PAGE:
GOT BALLS: The Man Who Sold A Fake Airport For $242 Million

When I first heard about a Nigerian man who defrauded an international bank for a whooping sum of $242 million, I thought it was one of those highly concocted jokes.

It was impossible to believe how someone would sell an imaginary airport to an international bank for that amount without the bank inspecting the airport first.

Well, at least, in the case of Emmanuel Nwude, it seems all things are possible.

Check his story out:

“Emmanuel Nwude is a Nigerian and he is a notable advance-fee fraud artist and former Director of Union Bank at Nigeria.

He is most famous for successfully defrauding a Brazilian man, Nelson Sakaguchi, a Director at Brazil’s Banco Noroeste based in Sao Paulo, of $242 million; $191 million in cash and the remainder in the form of outstanding interest between 1995 and 1998.

His accomplices were Emmanuel Ofolue, Nzeribe Okoli and Obum Osakwe along with the husband and wife duo, Christian Ikechukwu Anajemba and Amaka Anjemba with Christian later being assassinated.

In ranking, after Nick Leeson’s trading losses at Barings Bank, and the looting of the Iragi Central Bank by Qusay Hussein, Emmanuel Nwude’s fraud case is the largest in banking history.

After, Mr Nwude was alleged to be a ringleader of a large-scale attack on a town in Nigeria in August 2016. He was arrested on murder charges afterwards and he remains in custody.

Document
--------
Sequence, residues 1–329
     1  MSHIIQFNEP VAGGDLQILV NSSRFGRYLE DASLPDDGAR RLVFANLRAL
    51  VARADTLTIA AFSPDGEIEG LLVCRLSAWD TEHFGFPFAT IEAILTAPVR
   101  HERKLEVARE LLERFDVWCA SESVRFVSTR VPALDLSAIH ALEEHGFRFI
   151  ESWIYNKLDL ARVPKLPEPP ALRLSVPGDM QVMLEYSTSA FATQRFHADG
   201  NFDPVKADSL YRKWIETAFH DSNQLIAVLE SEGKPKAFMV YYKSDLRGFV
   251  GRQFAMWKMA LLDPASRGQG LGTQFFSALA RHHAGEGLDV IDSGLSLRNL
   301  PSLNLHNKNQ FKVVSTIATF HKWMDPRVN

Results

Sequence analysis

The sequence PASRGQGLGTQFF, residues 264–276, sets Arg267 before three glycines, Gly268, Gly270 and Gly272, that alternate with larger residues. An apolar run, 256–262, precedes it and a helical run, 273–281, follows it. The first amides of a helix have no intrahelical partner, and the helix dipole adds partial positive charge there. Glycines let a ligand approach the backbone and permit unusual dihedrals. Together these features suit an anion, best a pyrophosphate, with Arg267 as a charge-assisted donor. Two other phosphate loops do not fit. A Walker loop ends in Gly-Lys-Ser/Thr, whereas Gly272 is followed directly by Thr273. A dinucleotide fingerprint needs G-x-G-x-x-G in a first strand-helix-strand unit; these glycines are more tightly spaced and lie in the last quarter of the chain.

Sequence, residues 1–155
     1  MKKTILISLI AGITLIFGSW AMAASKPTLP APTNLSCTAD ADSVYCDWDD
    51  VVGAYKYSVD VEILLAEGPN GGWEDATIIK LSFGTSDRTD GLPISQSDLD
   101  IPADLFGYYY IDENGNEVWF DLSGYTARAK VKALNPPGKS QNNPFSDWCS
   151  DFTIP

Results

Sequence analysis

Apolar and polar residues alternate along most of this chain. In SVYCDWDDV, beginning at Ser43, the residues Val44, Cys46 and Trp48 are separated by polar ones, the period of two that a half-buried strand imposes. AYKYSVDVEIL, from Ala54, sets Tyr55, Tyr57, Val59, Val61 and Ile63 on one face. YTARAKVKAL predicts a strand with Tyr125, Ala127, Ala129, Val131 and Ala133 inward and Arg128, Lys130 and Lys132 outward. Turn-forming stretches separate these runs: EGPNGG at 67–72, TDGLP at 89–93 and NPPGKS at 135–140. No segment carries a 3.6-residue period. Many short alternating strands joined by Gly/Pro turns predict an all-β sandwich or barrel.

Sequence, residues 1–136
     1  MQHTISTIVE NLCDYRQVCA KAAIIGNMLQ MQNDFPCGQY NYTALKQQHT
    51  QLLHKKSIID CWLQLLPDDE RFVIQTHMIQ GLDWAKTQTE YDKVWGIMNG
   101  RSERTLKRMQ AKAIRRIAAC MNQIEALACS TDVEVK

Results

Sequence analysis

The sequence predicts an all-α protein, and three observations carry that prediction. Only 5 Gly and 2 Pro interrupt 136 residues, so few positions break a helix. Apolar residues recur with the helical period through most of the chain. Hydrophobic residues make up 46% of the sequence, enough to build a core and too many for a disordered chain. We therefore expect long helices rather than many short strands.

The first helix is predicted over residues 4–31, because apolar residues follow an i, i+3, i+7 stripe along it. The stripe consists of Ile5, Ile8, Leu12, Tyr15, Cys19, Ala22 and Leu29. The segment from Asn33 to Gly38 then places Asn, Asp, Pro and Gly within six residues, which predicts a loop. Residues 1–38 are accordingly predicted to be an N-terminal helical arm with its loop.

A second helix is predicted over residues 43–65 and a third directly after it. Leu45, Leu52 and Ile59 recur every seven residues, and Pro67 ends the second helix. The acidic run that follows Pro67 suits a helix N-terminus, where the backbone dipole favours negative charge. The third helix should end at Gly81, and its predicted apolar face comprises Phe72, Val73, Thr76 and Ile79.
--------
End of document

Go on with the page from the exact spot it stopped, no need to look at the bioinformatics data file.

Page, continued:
The Fraud

Nwude impersonated Paul Ogwuma, then Governor of the Central Bank of Nigeria and successfully convinced Sakaguchi to “invest” in a new airport in the nation’s capital, Abuja, in exchange for a $10million commission. In August 1997, the Spanish Banco Santander wanted to take over the Banco Noreoste Brazil. The fraud was uncovered after a December 1997 joint board meeting, in which an official from Santender inquired about why a large sum of money, two fifths of Noroeste’s total value and half of their capital was sitting in the Cayman Islands unmonitored.

This led to criminal investigations in Brazil, Britain, Nigeria, Switzerland and the United States. To guarantee the sale to Santander, the Simonsen and Cochrane families, the owners of Bonco Noroeste, paid the $242 million bill themselves. However, Banco Noroeste collapsed in 2001.

By Emmanuel Osei, with files from Wikipedia


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